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Opinion: There’s No Religion in Paradise

by • December 16, 2013 • Culture, FeaturedComments (5) • Views 3017

For almost the entirety of recorded history shocking fiction has eroded children’s wide eyes and gullible minds. Deific fables with sickening slickness violently penetrating virgin ears generations over, thrusting and thrusting and finally exploding, resulting in a brain hypnotised using tears, lies and neuro linguistic programming.

Pick a book, Old or New, any chapter taking fancy! See what you find. It’s right there in black and white, don’t fret; don’t let common sense cries ignite your doubt just yet. Punching and spitting and twatting splattering bile, like vile viscous guts exploding from inside; the tales of women-oppressing, gay-killing, slave-condoning, infant-murdering, immigrant-hating, blood-sacrificing and genocide are fed to me and you and all who knew or know any girl or guy who spread or spreads the word.

But let’s not forget the good it does. “Love thy neighbour”, the vital belief. We can’t deny the moral guide it lovingly supplies; it’s a super-duper-ultra-uber reinforced lighthouse which won’t subside against the angry tide of ‘us lot’ with our big bad ‘natural inclinations’ for sex and drugs and stuff which feels… good.

Without religion we have anarchy! Of course! How would we survive?! Faith is like a wonderful set of stabilisers which help us avoid wars and terror and conflict and makes sure we never divide. And yet…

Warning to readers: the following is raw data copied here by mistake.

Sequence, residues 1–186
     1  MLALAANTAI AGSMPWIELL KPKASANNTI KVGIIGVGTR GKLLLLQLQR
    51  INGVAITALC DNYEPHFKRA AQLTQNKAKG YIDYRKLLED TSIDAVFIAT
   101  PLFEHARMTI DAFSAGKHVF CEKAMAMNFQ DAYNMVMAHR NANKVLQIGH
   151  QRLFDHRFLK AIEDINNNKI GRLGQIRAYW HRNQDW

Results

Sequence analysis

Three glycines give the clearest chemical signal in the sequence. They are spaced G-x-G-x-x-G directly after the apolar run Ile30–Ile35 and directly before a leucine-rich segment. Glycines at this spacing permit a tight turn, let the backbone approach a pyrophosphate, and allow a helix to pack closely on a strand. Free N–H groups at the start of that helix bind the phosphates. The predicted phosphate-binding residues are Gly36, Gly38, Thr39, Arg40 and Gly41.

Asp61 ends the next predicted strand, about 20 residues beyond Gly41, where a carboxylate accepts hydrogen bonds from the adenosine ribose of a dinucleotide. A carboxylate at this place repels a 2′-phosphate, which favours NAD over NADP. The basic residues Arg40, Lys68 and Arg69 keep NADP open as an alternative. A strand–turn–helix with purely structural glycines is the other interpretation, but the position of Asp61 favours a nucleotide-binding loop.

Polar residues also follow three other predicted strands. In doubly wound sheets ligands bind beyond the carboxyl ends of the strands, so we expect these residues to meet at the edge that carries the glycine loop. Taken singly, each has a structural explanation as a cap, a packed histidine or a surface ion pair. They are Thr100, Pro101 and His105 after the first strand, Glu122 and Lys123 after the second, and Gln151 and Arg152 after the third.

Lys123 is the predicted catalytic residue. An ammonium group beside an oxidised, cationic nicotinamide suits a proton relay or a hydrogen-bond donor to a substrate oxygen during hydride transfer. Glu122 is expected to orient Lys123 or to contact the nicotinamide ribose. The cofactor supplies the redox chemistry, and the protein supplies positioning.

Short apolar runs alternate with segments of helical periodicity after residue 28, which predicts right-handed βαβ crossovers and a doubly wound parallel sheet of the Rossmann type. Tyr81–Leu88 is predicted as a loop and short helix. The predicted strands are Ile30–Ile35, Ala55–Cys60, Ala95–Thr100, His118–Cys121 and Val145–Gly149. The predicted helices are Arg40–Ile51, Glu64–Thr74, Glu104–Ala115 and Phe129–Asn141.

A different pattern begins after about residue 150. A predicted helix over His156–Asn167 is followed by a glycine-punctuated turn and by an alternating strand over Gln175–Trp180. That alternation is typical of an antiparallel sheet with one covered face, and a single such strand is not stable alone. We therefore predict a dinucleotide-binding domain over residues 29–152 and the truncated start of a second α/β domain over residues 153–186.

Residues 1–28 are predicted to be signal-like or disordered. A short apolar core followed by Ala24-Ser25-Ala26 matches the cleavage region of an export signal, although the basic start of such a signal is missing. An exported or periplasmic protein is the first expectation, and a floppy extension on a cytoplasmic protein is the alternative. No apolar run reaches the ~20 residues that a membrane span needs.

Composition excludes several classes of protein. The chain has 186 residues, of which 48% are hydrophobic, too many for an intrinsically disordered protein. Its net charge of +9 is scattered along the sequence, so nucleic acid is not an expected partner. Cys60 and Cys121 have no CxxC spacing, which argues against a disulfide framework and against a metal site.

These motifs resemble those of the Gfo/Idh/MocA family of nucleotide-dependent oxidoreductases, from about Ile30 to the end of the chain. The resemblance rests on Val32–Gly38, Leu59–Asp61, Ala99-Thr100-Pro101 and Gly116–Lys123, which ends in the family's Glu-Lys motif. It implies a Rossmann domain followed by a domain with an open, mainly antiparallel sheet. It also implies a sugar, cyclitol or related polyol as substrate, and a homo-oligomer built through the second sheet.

No, I’m being harsh. It’s a philosophy, I suppose, a model standard, a moral ideal. Religion helps. It helps with comfort and charity and education and, well…nothing else springs to mind. But surely there is something else? Its existence would be unqualified, unjustified. Surely?
I mean, I’m told that from a cloudy, crooning, fluffy side it ascends in stupendous glory from crushing lows to moral highs. I’m told during the slow, bold rise it dazzles spick and span and from it derives an Eternal Plan: the envisagement of one source, one goal and other dulling forces guiding souls like a terrific omniscient ball of stuff (no one knows what it is, of course; if it could genuinely be actually explained or verified, proven or quantified, justified or in any conceivable way empirically or epistemically hypothesised it would no longer be faith – that’s the joy of the thing). My memory is apparently failing me. I apologise. I’ll assume for now that religion has done more good than that – you can fill in that blank for me.

Needless to say, this is of course not a personal attack. Unlike prominent religious scriptures I have no intention of dividing, insulting or discriminating against other human beings. Anyone who feels personally insulted has either horrendously misinterpreted my suggestions, or has come to realize the insult that religion has been on them throughout their lives; like Saul on the Damascus Road an epiphanic realization slaps you like a wet fish across your face – the truth that: “And it was Fictional”. But I shall not dwell on this glaring problem. A faith in God is not a rational decision – as philosophers have been screaming wildly from the peripheries for centuries – it is a blind faith or a desperate hope.